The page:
Sacramento City Council Approves Arena Financing Plans
Ryan Lillis, Dale Kasler and Tony Bizjak @
In a historic vote, the Sacramento City Council approved the financing plan Tuesday night for a $391 million sports arena in the downtown railyard.

'It's good that we have old politicians around,' Jerry Brown says
David Siders @
Gov. Jerry Brown, who will turn 74 next month, found himself last night in the company of an older politician, a rare enough occurrence Brown's thoughts turned to age.

Fort Bragg OKs Sales Tax Hike To Save Aquatic Center
Fort Bragg voters have overwhelmingly chosen to raise their sales tax rate by a half cent in order to save their financially troubled, $24 million aquatic center.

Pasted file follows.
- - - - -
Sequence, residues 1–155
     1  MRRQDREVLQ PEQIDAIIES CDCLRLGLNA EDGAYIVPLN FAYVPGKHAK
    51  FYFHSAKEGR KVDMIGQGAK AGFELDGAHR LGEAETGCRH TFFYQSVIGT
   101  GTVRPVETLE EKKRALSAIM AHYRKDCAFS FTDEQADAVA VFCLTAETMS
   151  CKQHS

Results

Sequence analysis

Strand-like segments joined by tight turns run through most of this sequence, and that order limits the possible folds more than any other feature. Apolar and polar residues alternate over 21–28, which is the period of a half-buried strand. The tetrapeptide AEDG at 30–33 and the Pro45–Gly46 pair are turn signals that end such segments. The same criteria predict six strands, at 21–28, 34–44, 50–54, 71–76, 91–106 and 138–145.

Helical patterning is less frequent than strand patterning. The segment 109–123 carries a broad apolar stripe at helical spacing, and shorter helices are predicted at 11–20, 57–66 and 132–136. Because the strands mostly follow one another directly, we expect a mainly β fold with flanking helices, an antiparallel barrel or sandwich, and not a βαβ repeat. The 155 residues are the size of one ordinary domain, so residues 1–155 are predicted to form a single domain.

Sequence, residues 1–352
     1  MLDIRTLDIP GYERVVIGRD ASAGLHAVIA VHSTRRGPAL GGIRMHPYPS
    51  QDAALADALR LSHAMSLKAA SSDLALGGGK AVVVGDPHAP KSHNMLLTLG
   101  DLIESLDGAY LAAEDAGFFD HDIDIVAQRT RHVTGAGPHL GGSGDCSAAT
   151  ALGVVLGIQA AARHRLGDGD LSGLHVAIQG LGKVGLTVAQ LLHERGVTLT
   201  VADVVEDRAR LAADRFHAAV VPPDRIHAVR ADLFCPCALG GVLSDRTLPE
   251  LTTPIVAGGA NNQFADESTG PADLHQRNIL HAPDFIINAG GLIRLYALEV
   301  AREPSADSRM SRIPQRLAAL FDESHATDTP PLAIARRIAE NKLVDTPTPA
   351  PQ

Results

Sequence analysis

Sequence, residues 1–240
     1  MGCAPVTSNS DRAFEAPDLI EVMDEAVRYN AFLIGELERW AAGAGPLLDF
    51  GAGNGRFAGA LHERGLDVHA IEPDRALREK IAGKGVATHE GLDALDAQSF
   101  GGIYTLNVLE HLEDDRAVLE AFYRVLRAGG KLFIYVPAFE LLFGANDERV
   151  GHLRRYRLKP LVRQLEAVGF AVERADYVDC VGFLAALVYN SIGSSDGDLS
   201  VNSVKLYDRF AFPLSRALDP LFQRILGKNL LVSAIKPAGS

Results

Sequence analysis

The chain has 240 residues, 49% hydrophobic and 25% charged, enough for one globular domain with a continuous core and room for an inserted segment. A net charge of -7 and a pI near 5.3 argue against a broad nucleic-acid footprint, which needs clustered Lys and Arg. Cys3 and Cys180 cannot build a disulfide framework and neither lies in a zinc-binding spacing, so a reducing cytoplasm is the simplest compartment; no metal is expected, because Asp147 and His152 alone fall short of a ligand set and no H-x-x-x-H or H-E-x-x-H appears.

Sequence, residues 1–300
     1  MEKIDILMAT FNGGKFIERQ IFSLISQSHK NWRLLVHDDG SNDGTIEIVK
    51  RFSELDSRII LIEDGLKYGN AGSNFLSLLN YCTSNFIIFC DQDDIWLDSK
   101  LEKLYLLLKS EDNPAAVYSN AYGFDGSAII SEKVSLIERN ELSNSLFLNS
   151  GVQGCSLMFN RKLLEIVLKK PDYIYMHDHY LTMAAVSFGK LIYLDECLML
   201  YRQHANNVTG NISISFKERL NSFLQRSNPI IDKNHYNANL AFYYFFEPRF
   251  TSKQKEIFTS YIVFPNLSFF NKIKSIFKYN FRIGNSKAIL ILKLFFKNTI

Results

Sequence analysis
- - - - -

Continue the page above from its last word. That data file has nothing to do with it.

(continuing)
Dan Walters: This year's California state budget could be bizarre exercise
Political machinations over the state budget dominate every legislative session, but this year's version of the annual budget game may be particularly bizarre due to a confluence of unusual factors, to wit:

Analyst Says Brown's Unemployment Insurance Plan Falls Short
The Legislature's budget analyst says that lawmakers should postpone action on Gov. Jerry Brown's plan to make changes in the state Unemployment Insurance Fund until "a long-term solvency plan" is formulated.

Obama campaign: Romney in 'death march' to nomination
Seema Mehta @
As the Republican presidential candidates savage one another in the GOP nominating contest, advisors to President Obama said on Wednesday that his campaign is busy laying the groundwork for their fall campaign, registering voters, opening field offices, and recruiting volunteers.